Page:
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Steadfast dedication

  • Merle Peterson holds a 6-month-old Vivian.

    Steadfast dedication

    How a ground-breaking procedure in one bulldog has saved the lives of three other dogs.

    Merle Peterson holds a 6-month-old Vivian. Photo courtesy of Merle Peterson.

Merle Peterson has always had at least one English Bulldog her entire adult life. At times, she had as many as three, but Vivian Elizabeth, her 1.5-year-old white bulldog has always been special. 

Vivian was the only one in her litter whose coat was pure white—just like Peterson’s first pet bulldog was 40 years ago. 

But in August, just shy of her first birthday, Vivian started occasionally struggling to digest her meals. When she began to vomit after every meal, just days after her first symptoms started, Peterson knew something was wrong. 

Vivian as a 6-month-old puppy.
Vivian as a 6-month-old puppy. Photo courtesy of
Merle Peterson.

“She’s a voracious eater but she couldn’t even keep water down,” she recalls. 

Peterson, who lives in Cloquet, Minn., took Vivian to a clinic in Duluth, but the small clinic didn’t have the equipment they needed to look at the pup’s esophagus, which they suspected may hold the key to what was making Vivian sick. They recommended Peterson take her beloved pet 150 miles south, to the University of Minnesota (UMN). 

So, Peterson did just that. It was a decision that saved Vivian’s life—and brought a groundbreaking treatment to the UMN Veterinary Medical Center (VMC).

Dr. Briana Neuzil, a resident of Small Animal Internal Medicine at the VMC, was part of the team of veterinarians that diagnosed Vivian with an esophageal stricture. The esophagus is a tube in dogs’— and humans’—throats that contracts when they swallow, moving food and liquids into the stomach. The build-up of scar tissue in Vivian’s esophagus—the stricture—was causing part of the tube to kink, keeping her from swallowing and being able to move food and water into her stomach. 

Vivian during one of her many visits to the Veterinary Medical Center.
Vivian during one of her many visits to the Veterinary
Medical Center. Photo courtesy of Merle Peterson.

In the first year and a half of her life, Vivian underwent five procedures to dilate her esophagus with an esophageal balloon dilation device. When Vivian was under anesthesia, Neuzil inserted a deflated balloon down her throat. Slowly, she’d inflate the balloon with water, breaking up the scar tissue and allowing her esophagus to expand.

“In most dogs, we do this one or two times and they’re fine. But that wasn’t the case with Vivian. She would go home and be able to eat like normal for a couple of days, but then the stricture would reform,” Neuzil says. 

Vivian lost 10 pounds and her condition made her coat fall out. Since she couldn’t swallow, she had a feeding tube. The experience was hard on Peterson, too. Between September and Thanksgiving, she made the trip from Cloquet to St. Paul and back 20 times.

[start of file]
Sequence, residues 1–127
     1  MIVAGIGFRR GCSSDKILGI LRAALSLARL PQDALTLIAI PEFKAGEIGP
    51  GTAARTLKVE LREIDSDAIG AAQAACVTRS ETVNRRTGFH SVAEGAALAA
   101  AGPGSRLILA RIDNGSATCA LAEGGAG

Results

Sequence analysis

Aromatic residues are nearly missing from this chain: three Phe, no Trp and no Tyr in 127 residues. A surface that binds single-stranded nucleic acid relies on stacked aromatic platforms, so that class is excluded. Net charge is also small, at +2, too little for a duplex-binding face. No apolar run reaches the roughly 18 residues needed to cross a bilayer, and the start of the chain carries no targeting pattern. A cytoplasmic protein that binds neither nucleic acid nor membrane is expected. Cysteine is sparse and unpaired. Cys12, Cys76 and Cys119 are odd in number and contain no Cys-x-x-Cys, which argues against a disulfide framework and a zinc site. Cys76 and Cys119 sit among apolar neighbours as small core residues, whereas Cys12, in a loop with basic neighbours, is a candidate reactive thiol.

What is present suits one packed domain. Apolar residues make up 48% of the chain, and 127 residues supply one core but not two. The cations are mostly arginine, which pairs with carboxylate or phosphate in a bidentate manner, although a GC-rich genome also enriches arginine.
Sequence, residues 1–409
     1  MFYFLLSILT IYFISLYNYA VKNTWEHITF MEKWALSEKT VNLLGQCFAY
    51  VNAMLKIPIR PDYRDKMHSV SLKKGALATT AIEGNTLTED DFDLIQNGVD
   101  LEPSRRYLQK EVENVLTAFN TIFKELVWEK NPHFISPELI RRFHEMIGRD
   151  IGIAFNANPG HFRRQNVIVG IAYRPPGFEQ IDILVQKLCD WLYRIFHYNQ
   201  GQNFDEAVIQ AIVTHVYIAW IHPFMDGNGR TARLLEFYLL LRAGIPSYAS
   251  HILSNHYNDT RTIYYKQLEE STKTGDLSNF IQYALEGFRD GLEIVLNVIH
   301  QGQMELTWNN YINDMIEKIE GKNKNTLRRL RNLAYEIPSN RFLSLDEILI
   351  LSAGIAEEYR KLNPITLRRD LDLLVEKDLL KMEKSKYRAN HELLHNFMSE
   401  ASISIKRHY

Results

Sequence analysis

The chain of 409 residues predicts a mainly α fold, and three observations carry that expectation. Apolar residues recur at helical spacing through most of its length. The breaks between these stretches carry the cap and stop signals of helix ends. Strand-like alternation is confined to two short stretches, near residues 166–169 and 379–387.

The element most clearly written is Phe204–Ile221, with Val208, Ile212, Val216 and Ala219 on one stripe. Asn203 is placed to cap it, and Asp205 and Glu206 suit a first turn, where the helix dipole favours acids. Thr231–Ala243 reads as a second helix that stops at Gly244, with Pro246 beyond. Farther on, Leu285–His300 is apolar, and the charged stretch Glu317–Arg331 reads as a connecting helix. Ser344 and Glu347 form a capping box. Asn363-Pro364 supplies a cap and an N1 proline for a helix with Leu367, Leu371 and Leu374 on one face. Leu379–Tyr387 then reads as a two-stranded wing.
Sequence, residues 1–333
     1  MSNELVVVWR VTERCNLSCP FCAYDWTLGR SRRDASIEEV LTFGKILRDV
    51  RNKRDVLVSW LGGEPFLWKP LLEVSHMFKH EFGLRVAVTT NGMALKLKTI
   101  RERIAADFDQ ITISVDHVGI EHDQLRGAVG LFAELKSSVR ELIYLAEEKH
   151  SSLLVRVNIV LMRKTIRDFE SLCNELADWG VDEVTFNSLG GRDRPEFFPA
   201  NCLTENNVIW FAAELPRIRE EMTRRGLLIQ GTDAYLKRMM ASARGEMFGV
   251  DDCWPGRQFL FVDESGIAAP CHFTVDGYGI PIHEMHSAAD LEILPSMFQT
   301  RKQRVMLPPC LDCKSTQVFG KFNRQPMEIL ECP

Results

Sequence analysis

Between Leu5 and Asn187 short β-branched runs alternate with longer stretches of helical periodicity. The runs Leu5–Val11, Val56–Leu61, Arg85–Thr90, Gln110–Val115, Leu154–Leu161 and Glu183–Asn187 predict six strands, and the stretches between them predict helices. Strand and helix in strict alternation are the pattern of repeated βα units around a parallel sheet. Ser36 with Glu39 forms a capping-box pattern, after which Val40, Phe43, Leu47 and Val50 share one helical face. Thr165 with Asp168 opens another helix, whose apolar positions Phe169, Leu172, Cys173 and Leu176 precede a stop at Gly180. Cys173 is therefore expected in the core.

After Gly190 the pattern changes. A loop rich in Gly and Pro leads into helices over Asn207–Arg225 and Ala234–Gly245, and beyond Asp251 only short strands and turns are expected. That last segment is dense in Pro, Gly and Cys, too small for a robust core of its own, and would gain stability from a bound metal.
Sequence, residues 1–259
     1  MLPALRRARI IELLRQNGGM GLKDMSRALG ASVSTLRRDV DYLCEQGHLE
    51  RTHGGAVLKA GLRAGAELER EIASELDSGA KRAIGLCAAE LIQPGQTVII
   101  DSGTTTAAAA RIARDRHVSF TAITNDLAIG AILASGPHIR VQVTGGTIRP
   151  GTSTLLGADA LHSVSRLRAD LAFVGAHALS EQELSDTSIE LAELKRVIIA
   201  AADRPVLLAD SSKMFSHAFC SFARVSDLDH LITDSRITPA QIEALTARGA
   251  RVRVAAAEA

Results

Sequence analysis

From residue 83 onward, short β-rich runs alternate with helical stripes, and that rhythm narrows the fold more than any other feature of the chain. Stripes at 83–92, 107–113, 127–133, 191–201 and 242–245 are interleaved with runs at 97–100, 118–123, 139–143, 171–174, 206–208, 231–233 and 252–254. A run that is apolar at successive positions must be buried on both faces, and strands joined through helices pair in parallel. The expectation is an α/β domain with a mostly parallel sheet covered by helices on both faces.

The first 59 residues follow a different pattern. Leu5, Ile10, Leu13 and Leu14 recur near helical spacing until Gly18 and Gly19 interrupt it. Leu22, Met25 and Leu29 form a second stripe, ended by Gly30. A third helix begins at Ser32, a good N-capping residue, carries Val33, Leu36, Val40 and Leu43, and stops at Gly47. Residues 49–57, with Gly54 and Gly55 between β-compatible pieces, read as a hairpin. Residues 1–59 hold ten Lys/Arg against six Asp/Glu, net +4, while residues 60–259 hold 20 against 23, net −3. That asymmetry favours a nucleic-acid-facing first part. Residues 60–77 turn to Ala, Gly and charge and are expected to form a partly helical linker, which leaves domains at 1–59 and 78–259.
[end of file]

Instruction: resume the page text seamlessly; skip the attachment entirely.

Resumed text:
“I thought, ‘I can’t do this anymore.’ I was exhausted, Vivian was exhausted. She was quite a sight and I was scared of the way things were going,” Peterson recalls. 

After Vivian began to regurgitate her food after her fourth procedure, the VMC team started pursuing a new procedure that was only being performed by a few veterinarians—one being the doctor in New York City who developed the technique. 
After several consultations with the doctor in New York and many calls to trace down the right equipment, Neuzil’s team was ready to propose the idea to Peterson. The procedure—called a balloon esophagostomy (BE) tube—would place a feeding tube with an attached deflated balloon into Vivian’s esophagus. But this time, it would stay there for six weeks and would need to be inflated twice a day using an air pump that would sit on the outside of Vivian’s throat. If it worked, the consistent inflation would keep the stricture from reforming and closing her esophagus. 

“Dr. Neuzil said, ‘I can’t give up on your dog. She’s young and spunky and she wants to come through this. We have to figure out a way to help her,” Peterson remembers. 

The two decided that Vivian would spend six weeks living with Neuzil, who would go above and beyond the call of duty to become the bulldog’s full-time caretaker 

“It’s the first time I’ve experienced a doctor who cared about Vivian as much as I do,” Peterson says. 

A present-day Vivian shows off her progress, including a grown-in coat and newfound energy.
A present-day Vivian shows off her progress, including a
grown-in coat and newfound energy. Photo courtesy of
Merle Peterson.

The following weeks were some of the hardest of Neuzil’s life, but the constant care and early mornings were worth it—the BE tube was successful. Not only is Vivian back to her old self, but the VMC also has used the BE tube procedure in three other dogs. It’s a huge step forward that ultimately made the VMC one of the only hospitals in the country to do the procedure. 

“It’s hard to talk about,” Peterson says. “I was afraid I would lose her, and Dr. Neuzil and the University saved her life. They didn’t give up on her.”

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